New York City is failing to reach its goals of installing more bike lanes, bus lanes, and other traffic calming measures, and it's not clear how the chronically understaffed Adams administration will make up the difference.
On Tuesday, the Department of Transportation released a legally mandated report showing how the City is implementing legislation passed in 2019 that created a Streets Master Plan—a series of benchmarks that are supposed to "revolutionize" how we get around.
Unfortunately for the city's millions of daily bus riders, the DOT installed just 4.4 miles of protected bus lanes in 2022, far shy of its 20-mile target, and embarrassingly short of the 30-mile average it's supposed to maintain through 2026. Only 14 bus stops out of 500 were upgraded.
Protected bike lanes fared a little better, with 26.3 miles out of 30 targeted, but that's still barely half of the targeted average of 50 miles a year.
In testimony before the City Council's Transportation Committee on Tuesday, DOT Commissioner Ydanis Rodriguez mostly blamed staff shortages for the City’s failure to meet these goals. The agency has nearly 800 vacancies; 4 percent fewer employees than it did in 2019, but more than 14 percent fewer staffers in the Transportation Planning and Management division. (The commissioner also subtly pointed out that it's not just mayoral intransigence that stalls much-needed bus and bike lanes: City Councilmembers have been good at killing these projects themselves.)
But in the same testimony, Rodriguez also claimed the resources at his disposal suited him just fine, that the problem was really a "national" one, and that he held a job fair with recent college graduates that he was hopeful about. The commissioner also refused several opportunities to ask the council for a bigger budget.
"So you're fine with the resources you have, but also there are challenges with the resources being implemented because the staffing isn't there? Am I following that correctly?" committee chair and majority whip Selvena Brooks-Powers asked.
"One thing that I learned in my 12 years, after my 12 years in the council, is that New York has limited resources," Rodriguez replied, referencing his time as the council's Transportation Committee chair, though he added that he wouldn't turn down more money if it was offered to him.
Brooklyn Councilmember Lincoln Restler pointed out the obvious contradiction in the commissioner's position. "I know your heart's in the right place commissioner but you can't do the work if you don't have the staff," he said. "And I am deeply troubled by this administration's commitment to financial austerity and shrinking the size of government at the expense of achieving the goals that you are espousing and intending to actually implement."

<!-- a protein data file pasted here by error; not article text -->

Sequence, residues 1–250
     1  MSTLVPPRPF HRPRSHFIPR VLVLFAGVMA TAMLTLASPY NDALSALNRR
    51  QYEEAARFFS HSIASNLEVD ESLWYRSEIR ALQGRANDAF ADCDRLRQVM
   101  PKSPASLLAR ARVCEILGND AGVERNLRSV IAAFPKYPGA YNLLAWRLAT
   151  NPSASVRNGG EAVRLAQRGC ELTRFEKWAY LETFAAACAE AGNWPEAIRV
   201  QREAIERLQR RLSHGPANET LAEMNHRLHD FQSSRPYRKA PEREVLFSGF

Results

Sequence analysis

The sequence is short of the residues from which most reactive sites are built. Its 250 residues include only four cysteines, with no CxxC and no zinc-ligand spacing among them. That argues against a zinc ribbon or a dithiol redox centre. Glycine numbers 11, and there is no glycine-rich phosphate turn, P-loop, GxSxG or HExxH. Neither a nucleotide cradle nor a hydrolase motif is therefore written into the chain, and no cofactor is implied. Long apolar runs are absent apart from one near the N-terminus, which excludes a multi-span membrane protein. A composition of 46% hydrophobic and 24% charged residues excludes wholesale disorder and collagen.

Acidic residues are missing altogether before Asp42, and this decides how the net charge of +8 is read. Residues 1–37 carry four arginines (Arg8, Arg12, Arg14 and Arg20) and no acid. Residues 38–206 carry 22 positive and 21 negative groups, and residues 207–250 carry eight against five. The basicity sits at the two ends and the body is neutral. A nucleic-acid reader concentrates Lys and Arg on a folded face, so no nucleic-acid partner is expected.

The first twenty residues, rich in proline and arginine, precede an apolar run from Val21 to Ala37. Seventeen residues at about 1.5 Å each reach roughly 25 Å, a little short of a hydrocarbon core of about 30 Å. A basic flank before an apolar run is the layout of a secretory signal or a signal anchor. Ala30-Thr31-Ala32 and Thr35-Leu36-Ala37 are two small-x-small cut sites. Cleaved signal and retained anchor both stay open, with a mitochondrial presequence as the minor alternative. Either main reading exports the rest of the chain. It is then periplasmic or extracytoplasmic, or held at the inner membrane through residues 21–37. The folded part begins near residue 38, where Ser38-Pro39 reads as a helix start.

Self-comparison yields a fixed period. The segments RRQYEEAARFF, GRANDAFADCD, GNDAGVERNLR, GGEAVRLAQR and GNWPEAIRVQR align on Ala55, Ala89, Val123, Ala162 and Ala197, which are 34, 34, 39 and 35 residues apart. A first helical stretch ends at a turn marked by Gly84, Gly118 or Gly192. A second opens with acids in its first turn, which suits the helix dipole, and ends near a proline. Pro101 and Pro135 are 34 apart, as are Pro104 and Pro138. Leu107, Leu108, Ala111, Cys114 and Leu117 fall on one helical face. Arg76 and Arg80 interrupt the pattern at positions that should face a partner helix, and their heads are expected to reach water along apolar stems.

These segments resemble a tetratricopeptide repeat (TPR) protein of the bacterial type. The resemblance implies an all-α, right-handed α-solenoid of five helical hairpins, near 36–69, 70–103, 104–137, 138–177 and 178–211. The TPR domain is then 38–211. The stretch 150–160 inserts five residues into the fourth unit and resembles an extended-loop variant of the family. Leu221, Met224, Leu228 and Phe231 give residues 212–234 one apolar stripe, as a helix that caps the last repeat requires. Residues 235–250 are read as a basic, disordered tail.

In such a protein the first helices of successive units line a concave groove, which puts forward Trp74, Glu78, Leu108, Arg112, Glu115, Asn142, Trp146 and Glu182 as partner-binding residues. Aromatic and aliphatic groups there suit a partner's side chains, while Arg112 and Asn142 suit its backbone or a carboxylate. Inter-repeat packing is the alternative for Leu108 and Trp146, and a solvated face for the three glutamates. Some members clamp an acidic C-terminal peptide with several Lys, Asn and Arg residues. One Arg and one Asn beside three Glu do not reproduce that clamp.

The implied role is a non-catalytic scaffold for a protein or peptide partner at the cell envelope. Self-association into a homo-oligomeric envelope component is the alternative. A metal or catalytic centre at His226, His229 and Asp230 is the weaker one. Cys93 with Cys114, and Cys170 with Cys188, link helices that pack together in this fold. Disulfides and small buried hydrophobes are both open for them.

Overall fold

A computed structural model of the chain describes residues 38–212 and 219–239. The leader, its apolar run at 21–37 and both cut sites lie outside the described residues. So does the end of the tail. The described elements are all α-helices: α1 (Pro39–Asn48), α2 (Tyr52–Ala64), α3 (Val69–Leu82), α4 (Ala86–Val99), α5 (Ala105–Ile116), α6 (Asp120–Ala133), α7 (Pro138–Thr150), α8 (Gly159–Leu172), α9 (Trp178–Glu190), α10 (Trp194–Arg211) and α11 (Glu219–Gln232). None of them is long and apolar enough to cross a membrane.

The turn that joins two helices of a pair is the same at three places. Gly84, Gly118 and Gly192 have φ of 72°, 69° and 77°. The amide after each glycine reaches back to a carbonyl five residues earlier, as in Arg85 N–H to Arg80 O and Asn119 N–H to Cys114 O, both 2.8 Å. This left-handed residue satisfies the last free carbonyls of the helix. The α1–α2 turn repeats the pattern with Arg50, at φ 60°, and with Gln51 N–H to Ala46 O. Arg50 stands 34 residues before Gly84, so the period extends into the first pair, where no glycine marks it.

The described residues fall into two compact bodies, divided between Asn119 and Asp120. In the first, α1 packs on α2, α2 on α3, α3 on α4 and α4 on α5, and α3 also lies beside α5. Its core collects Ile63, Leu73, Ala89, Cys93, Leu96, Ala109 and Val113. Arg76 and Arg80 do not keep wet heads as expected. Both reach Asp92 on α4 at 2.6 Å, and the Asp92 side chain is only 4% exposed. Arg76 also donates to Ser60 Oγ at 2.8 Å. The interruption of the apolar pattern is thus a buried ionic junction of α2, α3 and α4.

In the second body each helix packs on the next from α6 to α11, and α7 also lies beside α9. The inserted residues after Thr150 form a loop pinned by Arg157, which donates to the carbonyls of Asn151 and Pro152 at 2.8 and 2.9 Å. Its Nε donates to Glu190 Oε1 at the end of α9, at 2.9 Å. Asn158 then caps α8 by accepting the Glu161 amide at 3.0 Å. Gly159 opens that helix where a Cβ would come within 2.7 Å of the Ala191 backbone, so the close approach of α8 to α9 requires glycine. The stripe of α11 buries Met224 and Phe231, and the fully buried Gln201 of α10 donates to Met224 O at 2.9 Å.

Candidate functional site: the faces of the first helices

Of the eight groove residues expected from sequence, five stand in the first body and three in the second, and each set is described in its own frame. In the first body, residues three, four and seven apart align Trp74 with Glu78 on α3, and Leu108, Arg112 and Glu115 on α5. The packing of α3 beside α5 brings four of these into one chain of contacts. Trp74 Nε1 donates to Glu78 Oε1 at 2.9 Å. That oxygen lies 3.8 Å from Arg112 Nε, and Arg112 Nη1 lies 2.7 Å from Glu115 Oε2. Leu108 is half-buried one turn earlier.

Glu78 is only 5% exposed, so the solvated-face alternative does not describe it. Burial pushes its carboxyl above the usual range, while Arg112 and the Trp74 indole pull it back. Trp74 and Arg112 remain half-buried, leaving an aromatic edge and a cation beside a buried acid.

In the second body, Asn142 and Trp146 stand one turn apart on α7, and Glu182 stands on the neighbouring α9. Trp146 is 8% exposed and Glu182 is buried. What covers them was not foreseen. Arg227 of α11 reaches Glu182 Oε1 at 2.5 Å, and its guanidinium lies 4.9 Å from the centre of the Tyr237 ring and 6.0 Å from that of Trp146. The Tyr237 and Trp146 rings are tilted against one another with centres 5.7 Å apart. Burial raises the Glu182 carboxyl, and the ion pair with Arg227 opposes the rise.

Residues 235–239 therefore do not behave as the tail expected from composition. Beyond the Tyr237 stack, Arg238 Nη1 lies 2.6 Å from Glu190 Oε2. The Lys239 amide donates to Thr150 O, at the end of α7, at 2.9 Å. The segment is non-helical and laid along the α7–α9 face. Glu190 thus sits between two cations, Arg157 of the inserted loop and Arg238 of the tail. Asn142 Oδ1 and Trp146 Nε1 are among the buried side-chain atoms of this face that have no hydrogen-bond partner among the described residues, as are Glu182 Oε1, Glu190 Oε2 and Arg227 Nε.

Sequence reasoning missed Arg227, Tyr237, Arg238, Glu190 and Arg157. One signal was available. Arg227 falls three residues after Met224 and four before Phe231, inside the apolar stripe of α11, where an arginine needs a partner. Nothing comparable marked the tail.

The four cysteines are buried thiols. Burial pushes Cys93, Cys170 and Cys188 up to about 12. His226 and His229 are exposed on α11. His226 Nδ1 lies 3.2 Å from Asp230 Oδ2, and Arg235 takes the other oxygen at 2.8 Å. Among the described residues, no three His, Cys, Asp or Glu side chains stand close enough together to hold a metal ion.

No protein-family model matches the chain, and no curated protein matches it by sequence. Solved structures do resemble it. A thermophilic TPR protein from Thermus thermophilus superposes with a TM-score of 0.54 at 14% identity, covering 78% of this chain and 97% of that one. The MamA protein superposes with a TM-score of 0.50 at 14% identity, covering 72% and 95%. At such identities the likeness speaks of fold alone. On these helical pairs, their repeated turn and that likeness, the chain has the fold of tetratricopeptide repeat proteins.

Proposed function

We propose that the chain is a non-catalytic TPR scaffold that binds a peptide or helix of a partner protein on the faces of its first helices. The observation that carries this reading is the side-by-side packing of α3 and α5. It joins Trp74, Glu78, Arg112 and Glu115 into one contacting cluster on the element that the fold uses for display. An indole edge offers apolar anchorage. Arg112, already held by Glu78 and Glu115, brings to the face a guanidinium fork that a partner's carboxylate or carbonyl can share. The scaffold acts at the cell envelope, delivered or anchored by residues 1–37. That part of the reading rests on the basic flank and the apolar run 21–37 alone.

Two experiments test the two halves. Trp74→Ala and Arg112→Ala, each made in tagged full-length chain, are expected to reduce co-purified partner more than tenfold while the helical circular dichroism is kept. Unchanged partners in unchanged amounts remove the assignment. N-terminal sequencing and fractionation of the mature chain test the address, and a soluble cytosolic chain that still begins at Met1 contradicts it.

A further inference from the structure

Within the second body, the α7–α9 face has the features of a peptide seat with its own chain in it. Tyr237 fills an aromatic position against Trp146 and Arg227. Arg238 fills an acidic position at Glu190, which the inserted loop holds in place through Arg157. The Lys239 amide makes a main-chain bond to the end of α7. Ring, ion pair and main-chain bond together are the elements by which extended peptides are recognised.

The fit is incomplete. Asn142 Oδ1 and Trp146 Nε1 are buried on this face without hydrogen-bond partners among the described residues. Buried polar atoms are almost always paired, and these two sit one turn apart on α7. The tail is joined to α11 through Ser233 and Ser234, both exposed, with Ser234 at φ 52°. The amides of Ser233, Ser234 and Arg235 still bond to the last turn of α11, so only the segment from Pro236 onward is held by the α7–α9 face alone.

Manhattan Councilmember Gale Brewer said that she had the answer to the DOT's hiring woes. "You should pay people more—that's more of a collective bargaining issue sometimes, but for God's sake, make it hybrid," Brewer said, referring to Mayor Adams's refusal to allow hybrid work, and the predictable loss of talented municipal workers to the private sector as a result.
The most effective way of stopping traffic violence in New York City is to have fewer drivers on the road. But since that seems to be too radical of a concept for many public officials in the year 2023, New Yorkers must settle for the next best thing: slowing them down.
Speed cameras and traffic enforcement help (NYC's cameras have racked up a total of $500 million in fines from 2014 to 2021, according to the DOT) but physically changing the streets is even better. Specifically, researchshows that bike lanes and bus lanes make roads significantly safer for everyone, in addition to getting lots more people where they need to go.
In 2022, 255 people were killed on city streets, which is an improvement on 2021's 275 deaths, but is still higher than every other year aside from 2014.
The hearing was also held to discuss a package of extremely modest bills. (Restler's bill that would allow New Yorkers to report drivers who park illegally and reap some of the bounty will get a hearing, likely in the first quarter of the year, Brooks-Powers said.) Included in the legislation: a study of traffic bollards across the city, a study of dangerous driving, a requirement for the DOT to daylight 100 intersections every year, and the installation of traffic-calming measures near senior centers.
The DOT politely refused to support any of these measures, instead arguing that it needed "flexibility."
Brooklyn Councilmember Alexa Avilés, who is co-sponsoring a bill that would require the DOT to study traffic crashes every three years instead of five, wondered why the agency would oppose such a measure.
"Every five years is a tremendous disservice to our communities," said Avilés, who added that low-income neighborhoods of color across New York City have higher rates of deadly crashes. (The DOT replied that perhaps every four years would be a welcome compromise.)
Before the hearing, several members of Family for Safe Streets, a group of people whose loved ones were killed in traffic crashes, stood outside City Hall and urged elected officials to do more.
Monique Williams said that her father Jerry Spriggs was killed by a truck driver in the Bronx in November of 2020. The driver, who fled the scene, claimed he didn't see the 71-year-old, and was released without any consequences.
"My dad should still be here. Being with his family, being with his grandchildren, his great-grandchild was born in December," Williams said.
"We need that [Streets] Master Plan to be implemented…Why are we failing to hit the mandates, the requirements?" Williams asked the television cameras pointed at her. "What are we doing to get back on track?"